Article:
The praise parents give to their kids can strongly influence their self-esteem, intelligence, and disposition to take on challenges. However, according to new studies, certain types of praise may actually do more harm than good.
For example, saying: “you are so smart”, may not be the best type of praise; it could even discourage a child to take on new challenges. Research by Carol Dweck, world-renowned Stanford University psychologist, showed that children who perceive their success as a result of their inherent intelligence were more prone to have a “fixed mindset”. This means that they see talent and intelligence as something they were born with, not as skills that can be learned and nurtured through effort. This becomes especially problematic when their identities become attached to an outcome.
But what exactly happens when a child grows up hearing praises like “you are so smart”?
According to Dr. John Medina, author of the national bestseller Brain Rules for Baby, your child will start to perceive her mistakes as failures. This happens because she is used to seeing her previous successes as a static ability, that is, natural talents she was born with rather than a product of her effort. Failure is thus perceived as a lack of ability, which she has no control over. In comparison, when children are praised for effort, they tend to develop. Something that Dweck calls a “growth mindset”. This type of mindset allows children to have an uplifting attitude towards failure. In other words, they will tend to believe that when faced with hardships, having persistence will lead to success.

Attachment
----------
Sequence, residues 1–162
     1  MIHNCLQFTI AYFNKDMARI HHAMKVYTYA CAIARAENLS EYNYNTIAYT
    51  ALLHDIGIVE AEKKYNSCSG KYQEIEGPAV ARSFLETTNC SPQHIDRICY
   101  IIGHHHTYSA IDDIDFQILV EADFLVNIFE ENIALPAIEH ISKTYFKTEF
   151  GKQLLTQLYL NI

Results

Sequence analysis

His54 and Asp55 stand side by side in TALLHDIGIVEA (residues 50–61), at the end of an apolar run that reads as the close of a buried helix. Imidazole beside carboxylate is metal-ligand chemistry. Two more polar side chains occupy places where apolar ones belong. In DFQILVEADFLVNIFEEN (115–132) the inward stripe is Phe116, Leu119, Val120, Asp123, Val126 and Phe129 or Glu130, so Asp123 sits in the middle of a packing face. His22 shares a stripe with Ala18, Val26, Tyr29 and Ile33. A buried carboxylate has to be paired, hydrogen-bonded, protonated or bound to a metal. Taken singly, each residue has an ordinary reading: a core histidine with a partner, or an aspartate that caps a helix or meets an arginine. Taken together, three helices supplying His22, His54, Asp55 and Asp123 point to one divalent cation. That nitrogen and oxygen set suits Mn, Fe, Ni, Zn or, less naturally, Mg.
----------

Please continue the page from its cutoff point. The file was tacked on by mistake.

As can be seen, effort is a key element in a “growth mindset”, but the question is: how can parents promote that kind of effort in their children? Surprisingly, it is how you praise them! Dr. Medina explained that what parents praise defines what their child perceives success to be, and here is where parents make a common mistake: applauding the final outcome, such as a grade or talent. So, instead of saying “I’m so proud of you, you’re so smart!”, parents should say “Good job, you got that answer right! Show me how you did it” or “I’m so proud of you, you must have studied really hard!”. Instead of praising their final outcomes, parents should praise strategies, improvement, or effort to teach their kids that intellectual skills can be acquired. By doing this, children are more likely to view challenges as opportunities rather than limitations. Encountering setbacks is inevitable in the journey to success. So, parents should start teaching their children how to embrace challenges by praising them in the right way.
If you want to practice the right kind of praise, here is an activity you can use to encourage motivation and perseverance in your little one.